From our archives – FNB does U-turn on anti-crime campaign

2013-01-22 11:58

FNB’s decision to pull the videos from its “You can help” campaign is not a first for the banking group. In February 2007, City Press reported:

First National Bank has made an abrupt U-turn on a strong anti-crime drive just six days before President Thabo Mbeki delivers his state-of-the-nation address.

The bank took a last-minute decision to withdraw an advertising campaign calling on all South Africans to send letters to the president expressing their concerns at high crime levels in the country.

The campaign would have seen large folded inserts placed inside major Sunday newspapers, including City Press, entitled: “Help us help South Africa”.

Each insert contains a letter which declares that SA is a wonderful country that has been recognised by the world to host the Fifa 2010 World Cup.

But the letter goes on to express concern about the rising crime rate, noting that 18 525 murders occurred last year alone, with 52 926 rapes and 119 726 robberies committed during the same period.

“I’m also concerned that crime is destroying our progress and threatens our dream of eliminating poverty and living in peace. As a result, the world continues to question the credibility of our progress,” states the letter, which is accompanied by a prepaid postage envelope with Mbeki as the addressee.

At the bottom of the letter is a space where signatories attach their own personal stories.

About 1.5 million posters would have been inserted in the newspapers at a cost of R20 million.

FNB spokesperson Xolisa Vapi said the bank decided on this message because it wanted to make a positive and constructive contribution to the ongoing debate about crime.

“We are seeking to direct high levels of emotion around crime towards some positive action,” he said.

He said the campaign was not withdrawn but shifted to a later date to allow the bank to “fine-tune” it.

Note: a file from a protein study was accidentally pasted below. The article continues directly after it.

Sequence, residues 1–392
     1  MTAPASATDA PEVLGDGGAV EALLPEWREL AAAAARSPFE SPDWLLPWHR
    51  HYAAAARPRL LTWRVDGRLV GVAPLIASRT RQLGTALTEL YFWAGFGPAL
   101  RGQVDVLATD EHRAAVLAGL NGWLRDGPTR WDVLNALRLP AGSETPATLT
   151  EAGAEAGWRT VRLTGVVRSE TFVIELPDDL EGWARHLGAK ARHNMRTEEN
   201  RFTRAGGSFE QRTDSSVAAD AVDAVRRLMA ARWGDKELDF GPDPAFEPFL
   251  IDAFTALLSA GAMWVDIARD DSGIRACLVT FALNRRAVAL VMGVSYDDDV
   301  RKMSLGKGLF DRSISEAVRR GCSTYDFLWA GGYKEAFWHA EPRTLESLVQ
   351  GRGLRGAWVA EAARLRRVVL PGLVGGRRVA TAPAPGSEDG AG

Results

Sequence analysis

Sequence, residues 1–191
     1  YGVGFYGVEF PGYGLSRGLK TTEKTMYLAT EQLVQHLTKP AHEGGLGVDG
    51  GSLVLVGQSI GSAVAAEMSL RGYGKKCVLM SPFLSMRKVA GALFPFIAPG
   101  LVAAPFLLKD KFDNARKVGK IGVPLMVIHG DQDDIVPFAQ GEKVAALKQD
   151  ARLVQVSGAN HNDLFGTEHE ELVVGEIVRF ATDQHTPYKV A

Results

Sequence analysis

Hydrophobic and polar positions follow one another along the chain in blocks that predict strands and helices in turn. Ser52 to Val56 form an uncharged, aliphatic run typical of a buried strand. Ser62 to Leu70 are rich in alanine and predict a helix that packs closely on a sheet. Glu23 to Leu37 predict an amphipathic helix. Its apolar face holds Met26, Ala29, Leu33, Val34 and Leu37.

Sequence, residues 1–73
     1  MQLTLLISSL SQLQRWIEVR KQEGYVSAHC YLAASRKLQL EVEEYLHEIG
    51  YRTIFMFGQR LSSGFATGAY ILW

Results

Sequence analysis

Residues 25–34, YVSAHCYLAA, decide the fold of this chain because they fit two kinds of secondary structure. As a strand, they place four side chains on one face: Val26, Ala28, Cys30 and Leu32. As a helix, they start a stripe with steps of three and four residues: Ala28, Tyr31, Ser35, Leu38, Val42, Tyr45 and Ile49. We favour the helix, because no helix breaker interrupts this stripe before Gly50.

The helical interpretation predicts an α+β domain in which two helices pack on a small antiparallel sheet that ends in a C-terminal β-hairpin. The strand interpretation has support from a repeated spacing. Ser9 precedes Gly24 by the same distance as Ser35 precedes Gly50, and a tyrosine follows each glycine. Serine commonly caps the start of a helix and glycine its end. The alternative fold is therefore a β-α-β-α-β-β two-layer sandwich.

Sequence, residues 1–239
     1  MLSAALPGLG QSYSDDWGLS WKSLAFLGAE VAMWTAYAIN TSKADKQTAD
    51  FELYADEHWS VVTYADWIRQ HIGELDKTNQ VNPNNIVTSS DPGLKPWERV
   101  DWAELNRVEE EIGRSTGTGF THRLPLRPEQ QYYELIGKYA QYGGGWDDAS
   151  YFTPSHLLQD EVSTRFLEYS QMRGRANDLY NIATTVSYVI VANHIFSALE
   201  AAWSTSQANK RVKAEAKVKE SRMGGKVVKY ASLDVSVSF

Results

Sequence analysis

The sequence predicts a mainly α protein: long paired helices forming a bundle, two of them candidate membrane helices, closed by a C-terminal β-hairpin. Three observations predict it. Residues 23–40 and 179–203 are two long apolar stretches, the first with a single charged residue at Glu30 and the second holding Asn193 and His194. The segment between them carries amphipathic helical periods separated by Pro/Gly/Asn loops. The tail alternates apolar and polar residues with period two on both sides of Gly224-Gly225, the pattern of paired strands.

This, Vapi said, was because some people might interpret the message differently and thereby undermine the positive slant of this message.

He denied that FNB was backtracking amid fears that the campaign could unleash a strong backlash from the president when he delivers his address on Friday.

FNB is the banker for three provincial departments, the post office, Transnet, Telkom and the South African Revenue Service.

Vapi would not comment on speculation that the campaign could possibly put these accounts in jeopardy.

Presidential spokesperson Mukoni Ratshitanga dismissed the campaign as a “misplaced initiative”.

“We can all shout at one another, but it is not going to help anybody. After the shouting, crime will still be there.”

Ratshitanga said there was nobody in government who did not understand the impact of crime and its effect on society. He added that big business was already on board, constantly engaging with government on the issue through the Business Against Crime initiative.

“We think, in the presidency, that all of us must use our energies positively to address our problems, not just crime but whatever problems we have in the country,” he said.

Vapi declined to comment on the presidency’s response.

- Caiphus Kgosana, City Press, February 11 2007

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